With the ever-changing technology industry experiencing serious talent shortages here in the US, tech recruiters are often forced to compete for top candidates.
That means if you want to perform as a recruiter and bring in the big bucks, you’re going to need to keep your skills sharp and stay on top of industry trends.
The recent pandemic may have cooled the American economy, to say the least, but the tech industry remains a competitive hiring environment for recruiters and employers alike.
With that in mind, follow along as we go through some top tech hiring trends the whole industry is watching, so you can stay informed and make 2020 your best tech hiring year yet.
2020 Tech Hiring Trends
Back in December 2016, Yahoo announced that the data of over 1 billion of its users had been hacked by what they believed to be a group of ‘state-sponsored actors.’
A year later, after taking unprecedented losses, the company was forced to revise its original figures and reveal that some 3 billion users’ data had been stolen between 2013 and 2014.
That made Yahoo’s data breach the largest and most costly in history, but it certainly wasn’t a unique event. The tech industry has been under attack of late—and things aren’t getting better anytime soon.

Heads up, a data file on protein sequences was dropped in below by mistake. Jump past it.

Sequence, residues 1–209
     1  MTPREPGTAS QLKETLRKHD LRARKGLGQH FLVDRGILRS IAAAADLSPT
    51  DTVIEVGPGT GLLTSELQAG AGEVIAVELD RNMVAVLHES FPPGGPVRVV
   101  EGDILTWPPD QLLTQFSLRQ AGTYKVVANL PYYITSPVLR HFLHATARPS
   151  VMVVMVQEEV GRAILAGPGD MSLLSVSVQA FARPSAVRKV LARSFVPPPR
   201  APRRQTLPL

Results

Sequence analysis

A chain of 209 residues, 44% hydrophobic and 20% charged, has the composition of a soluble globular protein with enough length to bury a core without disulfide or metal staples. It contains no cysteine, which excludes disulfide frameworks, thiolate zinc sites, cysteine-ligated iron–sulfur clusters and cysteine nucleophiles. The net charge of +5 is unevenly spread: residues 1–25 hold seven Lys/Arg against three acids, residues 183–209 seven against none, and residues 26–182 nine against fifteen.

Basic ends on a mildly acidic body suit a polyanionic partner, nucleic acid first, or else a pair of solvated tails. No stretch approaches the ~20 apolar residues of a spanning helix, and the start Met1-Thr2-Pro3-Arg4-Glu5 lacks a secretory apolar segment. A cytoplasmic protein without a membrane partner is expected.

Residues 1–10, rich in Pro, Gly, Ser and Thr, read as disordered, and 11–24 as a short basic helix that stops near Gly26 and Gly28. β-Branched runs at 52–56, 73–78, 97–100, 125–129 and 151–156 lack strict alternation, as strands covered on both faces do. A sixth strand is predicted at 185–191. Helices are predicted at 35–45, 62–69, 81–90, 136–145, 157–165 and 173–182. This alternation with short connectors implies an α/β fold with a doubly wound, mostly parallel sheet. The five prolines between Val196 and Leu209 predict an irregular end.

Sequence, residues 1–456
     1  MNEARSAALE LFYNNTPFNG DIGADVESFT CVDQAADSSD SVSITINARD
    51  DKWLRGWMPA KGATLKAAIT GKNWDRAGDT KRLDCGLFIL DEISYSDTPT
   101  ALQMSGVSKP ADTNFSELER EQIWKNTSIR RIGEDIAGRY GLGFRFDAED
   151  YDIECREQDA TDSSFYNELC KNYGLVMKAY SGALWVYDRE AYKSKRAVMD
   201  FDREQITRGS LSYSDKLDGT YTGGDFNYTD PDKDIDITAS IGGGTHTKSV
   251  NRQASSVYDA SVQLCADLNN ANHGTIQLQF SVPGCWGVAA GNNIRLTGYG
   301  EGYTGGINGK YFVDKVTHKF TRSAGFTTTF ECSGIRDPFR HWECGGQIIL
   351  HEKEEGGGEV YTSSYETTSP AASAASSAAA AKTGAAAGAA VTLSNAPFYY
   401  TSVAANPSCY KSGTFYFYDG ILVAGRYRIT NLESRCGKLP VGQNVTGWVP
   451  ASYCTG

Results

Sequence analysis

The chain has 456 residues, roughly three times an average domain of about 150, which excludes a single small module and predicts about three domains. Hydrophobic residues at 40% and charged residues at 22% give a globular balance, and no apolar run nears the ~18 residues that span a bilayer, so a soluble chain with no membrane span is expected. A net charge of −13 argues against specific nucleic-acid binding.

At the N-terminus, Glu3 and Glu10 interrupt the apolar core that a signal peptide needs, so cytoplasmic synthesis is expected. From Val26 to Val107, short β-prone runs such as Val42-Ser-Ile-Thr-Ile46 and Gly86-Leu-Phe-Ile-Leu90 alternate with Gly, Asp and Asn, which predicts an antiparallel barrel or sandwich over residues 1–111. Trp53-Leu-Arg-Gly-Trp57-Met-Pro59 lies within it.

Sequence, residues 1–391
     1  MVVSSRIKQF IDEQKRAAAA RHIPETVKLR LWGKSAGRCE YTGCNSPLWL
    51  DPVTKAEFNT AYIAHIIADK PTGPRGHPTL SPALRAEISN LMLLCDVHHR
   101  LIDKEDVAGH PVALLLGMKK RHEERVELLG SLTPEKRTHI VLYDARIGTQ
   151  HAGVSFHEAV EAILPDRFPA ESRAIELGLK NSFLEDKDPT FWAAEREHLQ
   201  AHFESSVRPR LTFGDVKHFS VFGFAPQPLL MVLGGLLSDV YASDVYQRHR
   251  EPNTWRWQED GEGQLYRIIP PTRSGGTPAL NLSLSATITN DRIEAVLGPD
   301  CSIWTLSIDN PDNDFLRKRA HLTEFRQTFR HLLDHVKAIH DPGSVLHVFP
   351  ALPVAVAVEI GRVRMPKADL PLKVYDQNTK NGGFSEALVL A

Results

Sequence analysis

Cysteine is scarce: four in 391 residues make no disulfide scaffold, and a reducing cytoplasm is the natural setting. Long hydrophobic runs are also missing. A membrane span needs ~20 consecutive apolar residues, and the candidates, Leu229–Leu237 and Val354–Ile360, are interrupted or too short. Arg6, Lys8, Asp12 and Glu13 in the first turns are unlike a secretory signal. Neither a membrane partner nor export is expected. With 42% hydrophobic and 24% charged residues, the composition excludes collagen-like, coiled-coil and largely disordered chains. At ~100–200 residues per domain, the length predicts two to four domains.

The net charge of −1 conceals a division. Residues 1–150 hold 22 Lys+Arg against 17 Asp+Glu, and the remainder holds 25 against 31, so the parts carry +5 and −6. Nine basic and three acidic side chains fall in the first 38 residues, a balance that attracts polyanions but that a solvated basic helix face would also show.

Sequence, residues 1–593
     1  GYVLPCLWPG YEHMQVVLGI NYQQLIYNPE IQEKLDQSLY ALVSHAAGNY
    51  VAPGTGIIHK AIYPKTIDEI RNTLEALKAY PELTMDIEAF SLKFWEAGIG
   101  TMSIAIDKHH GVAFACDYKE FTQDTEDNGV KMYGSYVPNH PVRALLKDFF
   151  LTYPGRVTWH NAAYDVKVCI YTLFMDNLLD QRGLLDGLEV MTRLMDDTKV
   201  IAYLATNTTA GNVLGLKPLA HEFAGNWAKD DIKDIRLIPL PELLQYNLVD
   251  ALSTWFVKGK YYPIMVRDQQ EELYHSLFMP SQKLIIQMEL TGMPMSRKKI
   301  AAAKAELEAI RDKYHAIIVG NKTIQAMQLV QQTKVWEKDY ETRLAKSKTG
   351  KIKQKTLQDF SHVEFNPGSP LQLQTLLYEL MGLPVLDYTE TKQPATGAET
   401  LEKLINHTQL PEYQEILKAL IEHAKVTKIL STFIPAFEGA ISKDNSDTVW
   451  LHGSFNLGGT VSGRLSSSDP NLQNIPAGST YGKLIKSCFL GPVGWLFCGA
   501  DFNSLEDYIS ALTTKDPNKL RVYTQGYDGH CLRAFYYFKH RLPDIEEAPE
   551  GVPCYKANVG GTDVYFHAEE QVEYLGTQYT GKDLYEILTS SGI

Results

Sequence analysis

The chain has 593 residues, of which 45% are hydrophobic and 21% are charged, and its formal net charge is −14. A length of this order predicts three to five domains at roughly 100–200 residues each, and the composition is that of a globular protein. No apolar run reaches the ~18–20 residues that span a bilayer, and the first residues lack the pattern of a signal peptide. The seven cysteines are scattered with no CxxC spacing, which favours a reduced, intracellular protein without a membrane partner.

That’s one of the main reasons why, according to the National Initiative for Cybersecurity Careers and Studies, the demand for cybersecurity jobs is an incredible 12 times greater than the demand for the average American job.
Even in our current turbulent economic times, there are over 500,000 cybersecurity jobs waiting to be filled across the nation, according to data from CyberSeek.
Obviously, this impressive growth in the cybersecurity space means if you’re a tech recruiter, cybersecurity should be at the top of your list for 2020 hiring.
A Mobile World
It’s no secret we live in a mobile world. From social media to video conferencing, it can all be done on the phone these days—and tech recruiters need to adapt.
The fact is over 90% of job seekers use their mobile devices to look for their next job.
No matter the industry, mobile devices are taking over, and there are a number of tech trends in 2020 that are set to help that takeover continue.
The 5G Revolution and the Internet of Things (IoT)
First and foremost, there’s 5G and the Internet of Things (IoT).
5G and the IoT will be a wonder for recruiters looking to improve their mobile recruiting game. In the short term. 5G’s decreased latency will enable quicker, better video interviews, and an improved recruiter-candidate connection.
While in the long term, 5G is set to create a whole new landscape of jobs in the tech industry. Most notably from the birth of the IoT industry, which is expected to reach a global value of $14.2 trillion by 2030.
One of the best examples of the changes that 5G will create is remote work. Eric Hanson, vice president of market intelligence at Fuze, a global cloud communications, and collaboration software platform, describes the value of 5G in an article he wrote for TechRadar.com last year saying: